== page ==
Republic Services(NYSE: RSG), one of the largest waste haulers in North America -- second only to rivalWaste Management(NYSE: WM) -- reported third-quarter earnings on Oct. 27. Here are three things investors should know.
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Republic Services is the second-largest waste hauler in North America. Image source: Getty Images.
Not as bad as it looks
If you only looked at the big numbers from Republic Services' earnings report, you'd think the company had an abysmal quarter. Net income fell by 59.2% year over year. EPS fell 59% year over year. In a quarter where main rival Waste Management saw net income fall by only 9.8% and EPS shrink by 8.1%, you'd think that Republic Services is completely falling apart.
But put in context, those numbers aren't as bad as they seem -- for either company, in fact. During the quarter, Republic Serviceswas hit with almost $200 million in expenses related to the tender offer for certain outstanding bonds, which closed in early July. Excluding those and other one-time expenses, the company's adjusted net income rose by 15.1% year over year to $212.6 million, and EPS grew by 17% YOY to $0.62. Likewise, Waste Management's adjusted net income and adjusted EPS rose 11.6% and 13.5%, respectively, from the year-ago quarter.
So, in fact, it was a pretty good quarter. On the earnings call, CEO Don Slager said the adjusted EPS number "exceeded our expectations." He also pointed out the other highlights of the quarter: price and volume growth, increased year-over-year revenue, margin expansion, and improved yields. The tender offer for the outstanding bonds that wreaked such havoc on the quarter's net income and EPS numbers is expected to save $17 million in annual interest expenses.
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Rewriting the contracts
Early on in the call, Slager made this interesting statement when talking about revenue-enhancing initiatives: "[W]e now have approximately $375 million in annual revenue that has been converted to a waste-related index or fixed rate increase of 3% or more for the annual price adjustment."
Traditionally, according to Slager, waste-management companies enter into five- or seven-year contracts, with annual increases chained to the Consumer Price Index, which averages a 1.5% increase per year. This, he says, is illogical because annual cost increases in the industry average 2% per year. "We're not going to enter into new agreements that have decreasing value over time," he says.
Of course, $375 million in annual revenue is a drop in the bucket for a company that posted $9.1 billion in annual revenue in 2015. Slager wasn't willing to predict how fast the company could continue to convert its customers to these newer types of contracts:
"It's a little hard to project that here, because as you can probably appreciate, it's a little bit lumpy, right? This is going to depend on the timing of when certain contracts roll over. ... [W]e've started with smaller contracts, and customers and are moving into medium and larger. So it will get a little more difficult as time goes, and we're also hoping to see that the market rationality will change along with us.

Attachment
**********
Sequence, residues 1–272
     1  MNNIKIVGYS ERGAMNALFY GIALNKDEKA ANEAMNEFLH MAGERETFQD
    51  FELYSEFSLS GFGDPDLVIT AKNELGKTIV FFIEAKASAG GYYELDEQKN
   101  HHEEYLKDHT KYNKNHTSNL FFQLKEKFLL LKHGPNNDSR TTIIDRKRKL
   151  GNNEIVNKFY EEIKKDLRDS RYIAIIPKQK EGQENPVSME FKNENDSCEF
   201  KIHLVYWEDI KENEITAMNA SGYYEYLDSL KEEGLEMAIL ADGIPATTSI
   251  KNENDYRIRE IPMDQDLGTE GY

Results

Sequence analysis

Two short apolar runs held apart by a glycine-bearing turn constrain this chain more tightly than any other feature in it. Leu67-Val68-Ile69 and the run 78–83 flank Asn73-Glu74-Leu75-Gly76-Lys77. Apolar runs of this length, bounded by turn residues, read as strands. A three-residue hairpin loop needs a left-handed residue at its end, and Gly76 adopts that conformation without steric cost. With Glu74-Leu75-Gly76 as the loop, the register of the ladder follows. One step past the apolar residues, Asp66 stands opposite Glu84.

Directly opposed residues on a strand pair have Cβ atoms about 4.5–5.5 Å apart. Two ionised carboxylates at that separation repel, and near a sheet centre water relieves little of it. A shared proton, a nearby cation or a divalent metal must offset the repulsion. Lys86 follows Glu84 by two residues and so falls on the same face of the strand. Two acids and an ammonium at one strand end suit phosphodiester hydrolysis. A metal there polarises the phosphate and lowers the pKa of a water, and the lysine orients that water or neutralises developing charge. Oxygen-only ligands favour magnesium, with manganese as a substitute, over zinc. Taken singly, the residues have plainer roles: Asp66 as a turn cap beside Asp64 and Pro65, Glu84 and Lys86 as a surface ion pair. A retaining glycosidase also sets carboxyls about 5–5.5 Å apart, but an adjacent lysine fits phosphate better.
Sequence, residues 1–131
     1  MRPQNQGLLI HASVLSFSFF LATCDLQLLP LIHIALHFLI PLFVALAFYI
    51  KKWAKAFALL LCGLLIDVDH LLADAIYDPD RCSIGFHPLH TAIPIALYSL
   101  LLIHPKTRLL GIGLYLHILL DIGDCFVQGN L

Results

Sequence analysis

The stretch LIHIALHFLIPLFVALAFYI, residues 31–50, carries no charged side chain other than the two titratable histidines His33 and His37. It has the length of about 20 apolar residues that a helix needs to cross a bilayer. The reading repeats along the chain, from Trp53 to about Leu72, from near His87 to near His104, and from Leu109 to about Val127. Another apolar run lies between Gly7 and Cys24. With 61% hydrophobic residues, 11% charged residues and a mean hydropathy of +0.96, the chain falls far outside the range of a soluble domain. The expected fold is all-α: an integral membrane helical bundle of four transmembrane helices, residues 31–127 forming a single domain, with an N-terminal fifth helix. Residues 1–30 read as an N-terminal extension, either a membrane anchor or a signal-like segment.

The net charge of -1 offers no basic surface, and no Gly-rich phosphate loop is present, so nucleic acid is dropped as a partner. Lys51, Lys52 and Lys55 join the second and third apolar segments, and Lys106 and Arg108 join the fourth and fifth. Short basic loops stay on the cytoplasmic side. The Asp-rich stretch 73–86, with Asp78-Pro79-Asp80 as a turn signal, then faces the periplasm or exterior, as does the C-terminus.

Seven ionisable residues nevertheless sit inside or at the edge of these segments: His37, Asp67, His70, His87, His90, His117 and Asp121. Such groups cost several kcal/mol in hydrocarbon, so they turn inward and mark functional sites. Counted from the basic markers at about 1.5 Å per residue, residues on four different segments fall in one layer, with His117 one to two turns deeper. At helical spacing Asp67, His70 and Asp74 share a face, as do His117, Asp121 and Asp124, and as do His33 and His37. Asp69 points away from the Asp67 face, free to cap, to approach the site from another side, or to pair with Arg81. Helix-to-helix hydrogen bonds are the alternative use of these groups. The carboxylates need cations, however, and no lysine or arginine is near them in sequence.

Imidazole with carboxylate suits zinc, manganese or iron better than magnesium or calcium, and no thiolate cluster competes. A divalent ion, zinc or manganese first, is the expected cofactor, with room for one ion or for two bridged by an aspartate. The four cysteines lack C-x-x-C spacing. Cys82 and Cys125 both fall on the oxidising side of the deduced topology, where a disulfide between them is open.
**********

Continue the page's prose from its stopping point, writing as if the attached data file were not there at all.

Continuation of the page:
Wise investors will keep an eye on how well the company is doing in this regard. If the company can indeed successfully build higher annual rate increases into a majority of its contracts, it would have a tremendous impact on its bottom line. If it can't, well, it might benefit rivals like Waste Management as customers abandon ship.
Things are looking up
Of course, a major takeaway from the earnings report is the company's improved guidance for 2016.Republic Services now expects its full-year adjusted diluted EPS to be in a range of$2.19-$2.20, an increase from the original guidance of$2.13-$2.17. The company also expects full-year adjusted free cash flow to be in a range of$840 million-$850 million, up from a range of$820 million-$840 million.
If this improved 2016 guidance wasn't enough for investors, the company also gave a preliminary 2017 EPS outlook of $2.31-$2.36, which would represent at least a 5% increase over the top end of the company's 2016 EPS guidance. Likewise, the company expects 2017 free cash flow of $875 million-$900 million, an increase of at least 2.9% over the high end of this year's guidance range.
Couple this rosy outlook with the company's shareholder-friendly practices such as buybacks and dividends, and investors should find a lot to like.During the quarter, Republic Services returned$212 millionto shareholders through share repurchases and dividends, or $622 millionyear to date.
Republic Services turned in a good quarter and is anticipating more good quarters to come. The company is growing its business, expanding its margins, and increasing adjusted earnings and cash flow.It's even trying to tackle a perennial problem of contracts that become unprofitable because of insufficient annual rate increases.
Although there's certainly a risk that these plans won't come to fruition -- customers may balk at built-in rate increases and take their business elsewhere, or recycled commodity prices could suddenly drop again -- the company certainly seems to be on good footing. This report should provide additional incentive to investors to consider adding Republic Services to their portfolios.
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John Bromels owns shares of Waste Management. The Motley Fool owns shares of Waste Management. The Motley Fool recommends Republic Services. Try any of our Foolish newsletter services free for 30 days. We Fools may not all hold the same opinions, but we all believe that considering a diverse range of insights makes us better investors. The Motley Fool has a disclosure policy.